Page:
supplies town load & resupply
3
Semperit 11
local load only
3
supplies town load & resupply
3
10
0
Feeder Totals
supplies load and
interconnects with adjacent
network
4
local load only
4
resupply only
4
local load only
4
local load only
4
Other
network
Trunk
-
4.76
0
4.76
Stub
1
0.1
0
0.1
Stub
2
1.6
0
1.6
-
Stub
3
0.46
0
0.46
-
Stub
4
Semperit 11
10
Feeder Totals
0.3
0
0.3
7.22
0
7.22
-217 -
0
0
0
0
0
0
0
0
1
3
3
0
3
3
0
3090
3
3
2
1
4160
10
0
0
3200
10
0
0
1
400
1
1
500
2
4
1
0
0
0
0
0
0
2
0
6
7
11
2
1
3
3
1
0
0
0
0
0
0
0
0
1
3090
1
1
0
0
0
0
0
0
1
23
3290
7
1400
2
630
1
1
1
1030
2
5
5
1
6350
6
5
1
6550
1
1
7
7
1
0
3.59
6
1
1
0
8260
6
1.31
1.89
12
200
1
0
0
1030
2
630
1
12
8410
1
3.4
16
Table B.6 (continued): Topographical analysis of a sample of semi-urban distribution networks INCHICORE area (Dublin outskirts) continued
Feeder lengths
Primary substation and feeder
description
Feeder Resupply
No.
feeder
Voltage No. of
Circuit Spur No. 3-phase
(kV)
boosters segment
(km)
1-phase
(km)
Nos. of transformers by capacity in kVA
Total
3 kVA 5 kVA
15
kVA
25
kVA
33
kVA
50
kVA
100
kVA
150
kVA
200
kVA
400
kVA
630
kVA
1000
kVA
Total
capacity
(kVA)
Peak load No. of
(MW)
load
points
Semperit
supplies load and interconnects with
adjacent network
1
supplies local load only
1
supplies local load only
1
interconnects with adjacent network
1
supplies town load & resupply
2
supplies local load only
2
resupply only
2
supplies local load only
supplies load and interconnects with
adjacent network
supplies load and interconnects with
adjacent network
2
2
2
supplies local load only
3
supplies local load only
3
resupply
3
Other
network
10
Other
network
Inchicore
Central 1
10
Inchicore
Central 2
Other
network
Other
network
-
10
Inchicore
Central 7
Trunk
-
4.1
0
4.1
2
7
4
5720
Stub
1
3.2
0
3.2
3
3
3
3690
9
Stub
2
0.34
0
0.34
400
1
Stub
3
0.26
0
0.26
Feeder Totals
7.9
0
7.9
supplies town load & resupply
4
supplies local load only
4
resupply
4
10
Inchicore
Central 2
5
-
10
supplies local load only
6
-
10
supplies no load
7
-
10
0
0
0
0
0
0
0
5
11
7
6
1
-
3.32
0
3.32
2
Stub
1
0.23
0
0.23
1
Stub
2
0
0
0
Stub
3
0.34
0
0.34
Stub
4
0.79
0
0.79
Stub
5
0.46
0
0.46
Feeder Totals
5.14
0
5.14
Trunk
-
1.83
0
1.83
Stub
1
0.18
0
0.18
Stub
2
0
0
0
2.01
0
2.01
Trunk
-
2.59
0
2.59
Stub
1
0.1
0
0.1
Stub
2
Feeder Totals
supplies local load only
0
0
Trunk
Feeder Totals
Inchicore
Central
direct
1
Trunk
0.1
0
0.1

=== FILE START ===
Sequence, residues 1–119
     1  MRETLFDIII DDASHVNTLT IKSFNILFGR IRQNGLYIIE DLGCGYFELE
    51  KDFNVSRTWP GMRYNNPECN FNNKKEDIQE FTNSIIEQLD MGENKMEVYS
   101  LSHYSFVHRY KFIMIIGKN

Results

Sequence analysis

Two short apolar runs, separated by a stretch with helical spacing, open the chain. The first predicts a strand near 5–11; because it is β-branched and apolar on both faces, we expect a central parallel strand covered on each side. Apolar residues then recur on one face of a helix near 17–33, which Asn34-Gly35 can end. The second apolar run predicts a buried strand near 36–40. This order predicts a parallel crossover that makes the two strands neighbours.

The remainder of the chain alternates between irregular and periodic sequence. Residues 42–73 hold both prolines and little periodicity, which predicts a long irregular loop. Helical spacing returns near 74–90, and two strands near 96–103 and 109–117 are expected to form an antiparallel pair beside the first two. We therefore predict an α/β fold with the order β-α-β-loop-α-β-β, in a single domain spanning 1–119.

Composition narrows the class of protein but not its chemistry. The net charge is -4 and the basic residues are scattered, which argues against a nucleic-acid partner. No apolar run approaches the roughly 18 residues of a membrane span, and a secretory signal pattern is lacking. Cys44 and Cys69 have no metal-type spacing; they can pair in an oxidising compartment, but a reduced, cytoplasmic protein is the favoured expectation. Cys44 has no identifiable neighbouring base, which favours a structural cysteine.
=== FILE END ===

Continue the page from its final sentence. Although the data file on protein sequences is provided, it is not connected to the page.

2.79
0
2.79
-
1.17
0
1.17
Feeder Totals
1.17
0
1.17
0.5
0
0.5
Trunk
-
Feeder Totals
0.5
0
0.5
-
0.63
0
0.63
Feeder Totals
0.63
0
0.63
Trunk
-218 -
13
1
1
2
0
0
1
0
0
0
1
1
1
1
0
0
9810
0
3.01
3430
9
200
1
0
0
1
515
3
1
800
3
1
2
6
10
1
1000
2
2
2
0
1
5945
3
2
0
0
0
1
1
1
0
2
1
3
2
2
2
0
1
9
400
1
3043
0
1.79
0
0
0
0
0
0
0
1
3
2
0
0
0
0
0
0
0
0
0
0
0
0
0
0
0
0
0
0
0
0
0
0
5
400
1
0
2660
2
2000
2
2000
0
0
1.32
0
0
0
0
0
0
0
0
0
0
0
6
2
0
0.02
John Player
MV
1
0
??
1
0
0
10
2260
0
0
19
2643
0
0
23
0
2
0
??
0
Table B.6 (continued): Topographical analysis of a sample of semi-urban distribution networks INCHICORE area (Dublin outskirts) continued
Feeder lengths
Primary substation and feeder
description
supplies town load & resupply
resupply
Feeder Resupply
No.
feeder
8
9
Voltage No. of
Circuit Spur No. 3-phase
(kV)
boosters segment
(km)
10
11
supplies town load & resupply
10
9
resupply
10
8
Trunk
10
10
supplies town load & resupply
11
supplies town load & resupply
11
supplies town load & resupply
11
resupply
11
10
-
1.31
0
1.31
1.31
0
1.31
Trunk
-
0.5
0
0.5
Feeder Totals
0.5
0
0.5
Trunk
-
5.99
0
5.99
Stub
1
0
0
0
5.99
0
5.99
15
kVA
25
kVA
33
kVA
50
kVA
100
kVA
150
kVA
200
kVA
400
kVA
630
kVA
1000
kVA
2
2000
0
0
0
0
0
0
0
0
0
2
2000
0
0
0
0
0
0
0
0
0
0
0
0
0
4
7
5
11010
16
0
0
0
0
0
0
0
0
0
0
0
4
1.46
Stub
1
0.71
0
0.71
1
Stub
2
0.5
0
0.5
2
Stub
3
0
0
0
2.67
12
supplies local load only
12
resupply
12
resupply
12
supplies local load only
12
-
Stub
4
0.4
0
0.4
supplies local load only
12
Stub
5
0.14
0
0.14
resupply
12
Ballymount
2
Stub
6
2
2.86
2
??
0
0
0
0
Peak load No. of
(MW)
load
points
0
1.46
2.67
Total
capacity
(kVA)
0
-
supplies local load only
Inchicore
Central 4
Inchicore
Central 6
3 kVA 5 kVA
Trunk
Feeder Totals
-
Nos. of transformers by capacity in kVA
Total
Feeder Totals
Feeder Totals
Clondalkin
3
Clondalkin
4
Inchicore
Central 5
Clondalkin
2
1-phase
(km)
7
5
1
0
11010
0.5
16
0
Bailey MV
0
1030
2
800
2
0
0
0
0
0
0
0
0
0
0
1830
0
0
3
1
2.57
2
2
1
1830
5
4
1
630
1
Trunk
-
3.46
0
3.46
Stub
1
0.3
0
0.3
Stub
2
0
0